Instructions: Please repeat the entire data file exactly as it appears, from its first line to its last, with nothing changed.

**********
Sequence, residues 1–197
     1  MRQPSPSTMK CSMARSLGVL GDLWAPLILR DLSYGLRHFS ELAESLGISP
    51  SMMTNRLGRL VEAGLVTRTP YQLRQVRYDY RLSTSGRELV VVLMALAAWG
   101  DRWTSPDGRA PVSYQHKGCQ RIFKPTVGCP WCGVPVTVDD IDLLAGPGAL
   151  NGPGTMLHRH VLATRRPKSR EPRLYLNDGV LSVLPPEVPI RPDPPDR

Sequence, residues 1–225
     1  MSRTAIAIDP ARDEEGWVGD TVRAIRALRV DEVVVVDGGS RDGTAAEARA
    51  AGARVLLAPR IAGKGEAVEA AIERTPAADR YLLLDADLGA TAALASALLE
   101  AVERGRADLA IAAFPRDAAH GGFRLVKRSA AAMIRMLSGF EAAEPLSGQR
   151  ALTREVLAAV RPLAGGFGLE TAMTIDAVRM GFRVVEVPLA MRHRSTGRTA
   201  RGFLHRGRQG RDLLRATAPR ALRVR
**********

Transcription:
Sequence, residues 1–197
     1  MRQPSPSTMK CSMARSLGVL GDLWAPLILR DLSYGLRHFS ELAESLGISP
    51  SMMTNRLGRL VEAGLVTRTP YQLRQVRYDY RLSTSGRELV VVLMALAAWG
   101  DRWTSPDGRA PVSYQHKGCQ RIFKPTVGCP WCGVPVTVDD IDLLAGPGAL
   151  NGPGTMLHRH VLATRRPKSR EPRLYLNDGV LSVLPPEVPI RPDPPDR

Sequence, residues 1–225
     1  MSRTAIAIDP ARDEEGWVGD TVRAIRALRV DEVVVVDGGS RDGTAAEARA
    51  AGARVLLAPR IAGKGEAVEA AIERTPAADR YLLLDADLGA TAALASALLE
   101  AVERGRADLA IAAFPRDAAH GGFRLVKRSA AAMIRMLSGF EAAEPLSGQR
   151  ALTREVLAAV RPLAGGFGLE TAMTIDAVRM GFRVVEVPLA MRHRSTGRTA
   201  RGFLHRGRQG RDLLRATAPR ALRVR